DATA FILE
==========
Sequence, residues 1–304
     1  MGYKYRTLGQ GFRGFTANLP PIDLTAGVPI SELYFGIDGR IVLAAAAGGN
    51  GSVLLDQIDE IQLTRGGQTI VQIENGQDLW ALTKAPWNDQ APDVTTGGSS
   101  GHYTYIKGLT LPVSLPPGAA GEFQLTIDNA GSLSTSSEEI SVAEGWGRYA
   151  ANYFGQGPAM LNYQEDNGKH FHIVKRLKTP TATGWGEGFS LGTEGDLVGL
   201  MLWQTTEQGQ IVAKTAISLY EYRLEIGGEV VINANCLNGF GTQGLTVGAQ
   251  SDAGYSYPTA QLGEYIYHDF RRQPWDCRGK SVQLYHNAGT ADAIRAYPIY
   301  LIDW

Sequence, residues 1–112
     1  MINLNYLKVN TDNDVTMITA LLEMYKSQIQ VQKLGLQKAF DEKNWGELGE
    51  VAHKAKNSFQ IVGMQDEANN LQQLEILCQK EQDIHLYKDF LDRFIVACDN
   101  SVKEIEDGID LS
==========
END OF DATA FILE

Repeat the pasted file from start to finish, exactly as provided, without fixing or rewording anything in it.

Sequence, residues 1–304
     1  MGYKYRTLGQ GFRGFTANLP PIDLTAGVPI SELYFGIDGR IVLAAAAGGN
    51  GSVLLDQIDE IQLTRGGQTI VQIENGQDLW ALTKAPWNDQ APDVTTGGSS
   101  GHYTYIKGLT LPVSLPPGAA GEFQLTIDNA GSLSTSSEEI SVAEGWGRYA
   151  ANYFGQGPAM LNYQEDNGKH FHIVKRLKTP TATGWGEGFS LGTEGDLVGL
   201  MLWQTTEQGQ IVAKTAISLY EYRLEIGGEV VINANCLNGF GTQGLTVGAQ
   251  SDAGYSYPTA QLGEYIYHDF RRQPWDCRGK SVQLYHNAGT ADAIRAYPIY
   301  LIDW

Sequence, residues 1–112
     1  MINLNYLKVN TDNDVTMITA LLEMYKSQIQ VQKLGLQKAF DEKNWGELGE
    51  VAHKAKNSFQ IVGMQDEANN LQQLEILCQK EQDIHLYKDF LDRFIVACDN
   101  SVKEIEDGID LS